The Arts Center

Report date
November 2016

What has been most instrumental to your progress?

One crucial component of our project's progression was contracting with Northern as artistic coordinator for the project. We engaged them for a period of two years for the fee of $35,000. Initially, our project advisory committee and Board was hesitant to spend that much on a consultant, but it proved to be such an integral part of how professionally the project was executed. Northern, specifically their director Steve Dietz, was a wonderful ambassador to the possibilities of what public art can be. He took the committee and the community through numerous presentations which highlighted public arts projects from around the world over the past 25 years, and created an understanding and an empathy for the capacity of the arts to transform a community. When we executed our calls for artists, Steve's experience in calls for submissions and requests for proposals, as well as leveraging Northern's network, vastly expanded the pool of artists and designers who responded to our search, providing us with a vast array of options. His experience working with artists and bridging the gap between arts and community helped greatly with our public relations.
The Arts Center's Buildings & Grounds Committee, which consists of a local contractor and a local excavator, are a quiet engine that propel the project. When we put out the bid for the initial infrastructure and hardscaping for the park, the responses we received contained quotes that were considerable higher than the engineer's estimates and more than double what was originally budgeted. Our Building's and Grounds Committee took on managing the work, doing a fair bit as in-kind contribution, and then parceling out the bid to local contractors. They stepped up and basically acted as general contractors for the project, finding and wrangling cost savings and keeping our budget much closer to manageable. They also leveraged personal networks and knowledge of the regional trade community to keep the project from stalling and to find contractors to do quality work. Also, because the nature of our arts park project doesn't have any precedent in the Jamestown area community, it was difficult to communicate with the building inspector when it came to permitting issues for the sculpture and pavilion. The Buildings & Grounds Committee, with their local affiliations, bridged a gap.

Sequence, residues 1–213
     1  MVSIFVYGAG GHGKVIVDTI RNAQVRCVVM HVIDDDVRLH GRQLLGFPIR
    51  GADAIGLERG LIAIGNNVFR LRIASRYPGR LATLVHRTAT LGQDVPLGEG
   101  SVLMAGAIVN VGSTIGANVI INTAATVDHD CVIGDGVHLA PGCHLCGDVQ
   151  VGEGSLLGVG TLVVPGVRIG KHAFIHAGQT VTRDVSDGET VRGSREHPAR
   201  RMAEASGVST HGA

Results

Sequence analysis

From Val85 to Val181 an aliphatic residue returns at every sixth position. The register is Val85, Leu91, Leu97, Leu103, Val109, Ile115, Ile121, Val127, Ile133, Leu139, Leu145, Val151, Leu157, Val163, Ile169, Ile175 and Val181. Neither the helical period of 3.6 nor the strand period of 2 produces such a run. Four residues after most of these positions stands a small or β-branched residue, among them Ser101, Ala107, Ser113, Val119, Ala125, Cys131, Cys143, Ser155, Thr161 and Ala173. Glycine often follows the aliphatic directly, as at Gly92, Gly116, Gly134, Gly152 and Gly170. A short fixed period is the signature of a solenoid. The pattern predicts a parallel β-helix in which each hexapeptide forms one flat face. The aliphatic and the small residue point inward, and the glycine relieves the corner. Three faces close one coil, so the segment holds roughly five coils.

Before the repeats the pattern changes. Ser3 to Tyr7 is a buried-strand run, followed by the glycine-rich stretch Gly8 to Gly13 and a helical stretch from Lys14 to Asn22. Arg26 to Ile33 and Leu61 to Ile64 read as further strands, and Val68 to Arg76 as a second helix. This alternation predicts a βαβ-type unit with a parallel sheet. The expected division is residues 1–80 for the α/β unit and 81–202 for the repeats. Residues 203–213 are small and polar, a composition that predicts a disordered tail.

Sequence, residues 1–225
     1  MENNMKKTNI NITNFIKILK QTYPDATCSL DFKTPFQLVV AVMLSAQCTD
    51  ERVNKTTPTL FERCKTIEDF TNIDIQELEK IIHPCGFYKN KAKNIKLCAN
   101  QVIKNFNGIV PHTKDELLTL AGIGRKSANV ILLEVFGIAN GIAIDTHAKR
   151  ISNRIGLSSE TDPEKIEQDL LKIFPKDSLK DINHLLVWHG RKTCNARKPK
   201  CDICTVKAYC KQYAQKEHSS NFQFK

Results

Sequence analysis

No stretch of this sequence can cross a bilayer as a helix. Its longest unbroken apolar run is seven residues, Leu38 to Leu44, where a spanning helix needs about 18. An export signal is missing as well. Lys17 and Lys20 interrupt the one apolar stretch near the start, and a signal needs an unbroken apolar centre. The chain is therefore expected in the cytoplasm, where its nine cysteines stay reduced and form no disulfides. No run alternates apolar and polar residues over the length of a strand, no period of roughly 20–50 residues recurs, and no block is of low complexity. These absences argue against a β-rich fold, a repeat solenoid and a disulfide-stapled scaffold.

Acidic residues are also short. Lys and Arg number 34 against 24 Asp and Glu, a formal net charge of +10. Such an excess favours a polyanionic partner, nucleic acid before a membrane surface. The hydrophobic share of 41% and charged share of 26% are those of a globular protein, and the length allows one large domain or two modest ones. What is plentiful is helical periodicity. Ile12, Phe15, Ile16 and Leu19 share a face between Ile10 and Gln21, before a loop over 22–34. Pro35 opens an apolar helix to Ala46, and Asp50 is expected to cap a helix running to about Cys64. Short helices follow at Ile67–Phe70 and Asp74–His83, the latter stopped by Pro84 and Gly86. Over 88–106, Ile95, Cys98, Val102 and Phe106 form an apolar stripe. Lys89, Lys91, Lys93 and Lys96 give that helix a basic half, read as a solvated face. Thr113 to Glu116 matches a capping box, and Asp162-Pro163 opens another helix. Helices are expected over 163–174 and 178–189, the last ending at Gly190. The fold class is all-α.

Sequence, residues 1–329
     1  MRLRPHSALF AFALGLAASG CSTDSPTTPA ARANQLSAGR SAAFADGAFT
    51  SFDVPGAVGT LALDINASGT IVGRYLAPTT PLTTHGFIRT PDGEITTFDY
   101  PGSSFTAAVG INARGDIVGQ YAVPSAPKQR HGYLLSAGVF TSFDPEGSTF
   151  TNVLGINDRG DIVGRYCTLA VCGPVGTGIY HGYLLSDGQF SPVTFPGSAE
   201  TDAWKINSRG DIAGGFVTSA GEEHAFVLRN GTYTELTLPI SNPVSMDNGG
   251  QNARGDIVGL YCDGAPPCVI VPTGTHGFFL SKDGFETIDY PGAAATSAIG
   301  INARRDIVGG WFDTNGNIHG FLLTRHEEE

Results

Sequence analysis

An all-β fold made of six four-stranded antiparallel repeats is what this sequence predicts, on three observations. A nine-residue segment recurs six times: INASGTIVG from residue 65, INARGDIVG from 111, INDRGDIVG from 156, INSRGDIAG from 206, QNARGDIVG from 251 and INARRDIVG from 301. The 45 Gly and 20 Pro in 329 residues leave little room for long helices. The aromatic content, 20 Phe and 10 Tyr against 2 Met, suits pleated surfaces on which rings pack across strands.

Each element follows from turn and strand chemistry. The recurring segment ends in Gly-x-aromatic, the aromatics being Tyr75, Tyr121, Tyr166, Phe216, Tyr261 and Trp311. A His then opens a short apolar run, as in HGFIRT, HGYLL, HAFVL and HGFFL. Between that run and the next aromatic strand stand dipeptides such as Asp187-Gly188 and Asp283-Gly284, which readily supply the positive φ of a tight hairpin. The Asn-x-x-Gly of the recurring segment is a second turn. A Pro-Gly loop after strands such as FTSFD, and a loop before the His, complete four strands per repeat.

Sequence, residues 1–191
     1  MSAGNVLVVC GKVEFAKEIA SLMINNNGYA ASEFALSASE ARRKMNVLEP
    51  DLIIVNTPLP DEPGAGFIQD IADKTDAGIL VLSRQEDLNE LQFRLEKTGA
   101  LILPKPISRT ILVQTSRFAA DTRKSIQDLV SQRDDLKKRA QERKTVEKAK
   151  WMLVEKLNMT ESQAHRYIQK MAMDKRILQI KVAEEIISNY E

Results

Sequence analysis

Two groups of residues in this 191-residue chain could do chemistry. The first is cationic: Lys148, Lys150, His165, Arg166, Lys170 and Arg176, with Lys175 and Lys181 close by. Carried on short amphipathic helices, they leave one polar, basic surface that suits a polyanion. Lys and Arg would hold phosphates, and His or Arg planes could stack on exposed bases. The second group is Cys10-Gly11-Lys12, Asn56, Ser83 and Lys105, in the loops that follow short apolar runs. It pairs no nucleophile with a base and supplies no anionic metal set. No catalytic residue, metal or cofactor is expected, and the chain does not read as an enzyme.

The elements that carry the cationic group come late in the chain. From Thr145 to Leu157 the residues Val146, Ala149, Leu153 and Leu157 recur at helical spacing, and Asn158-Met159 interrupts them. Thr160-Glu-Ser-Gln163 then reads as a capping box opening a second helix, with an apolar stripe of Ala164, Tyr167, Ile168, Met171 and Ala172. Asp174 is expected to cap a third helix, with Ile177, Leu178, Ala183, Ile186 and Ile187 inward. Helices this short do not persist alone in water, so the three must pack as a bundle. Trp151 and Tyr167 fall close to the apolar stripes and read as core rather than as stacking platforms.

The Arts Park Task Force is comprised of a cross section of community members who represented the goals of the project; that it be a driver of cultural tourism, that it serve downtown regeneration, that it be a space for arts education, that it be a community gathering space, that it be creative, and that its construction be feasible and maintainable. This group has met frequently over the past two years, generating and vetting ideas, and serving as ambassadors of the park to the general public. This group contains members with differing interests and opinions, but they remained focused on the shared goal, and decisions were made and executed with thoughtful conversation but without the filibustering that sometimes comes from committees.

Key lessons learned

Managing all contractors, but particularly artists, and timelines has been a challenge. For example, our sculptor promised to arrive July 1st and to work on his project through July, with a completion date of August 31. With several promised date changes in between, he arrived in mid-August with the project completed in mid-October. Scheduling educational sessions and community involvement became very frustrating, as they were changed twice before we adopted a "day by day" approach to public sessions. In the future, we might mitigate this by writing more stringent financial penalties and stricter dates into contracts, but I'm not sure this is the answer when the artist's profit margin is already so low and we want to remain an artist friendly organization. Perhaps the answer is to have the timelines in the contract, and then to have and be aware of internal "realistic" timelines as well, and to manage our PR and media releases accordingly; to live in the moment rather than relying on planning ahead. Management of this situation could also have benefited from being more proactive with communication on our part.
In this community, "communicating to the public" cannot rely strictly on standard methods of public communications like radio, newspaper, and social media. We found that, even though we felt we had put a lot of effort and resources into informing the community about our project, we fell short of reaching as many people as we would like to reach. We are working to redefine our communication strategies and to understand that sometimes a five minute talk with a social leader at the senior center can be as effective a way to spread the word about a project as having space on the front page of the newspaper. Developing a method for this has been interesting and can be as simple as asking members of the committee to make sure they talk about the project while getting their hair cut or while golfing. We have not yet found a reliable way to analyze the effects of this kind of strategy, or to reconcile that asking people to do this can feel like an infringement on their personal time. Perhaps as "community innovation" becomes further framed as part of personal and professional mission, these communication practices will be accepted as axiomatic.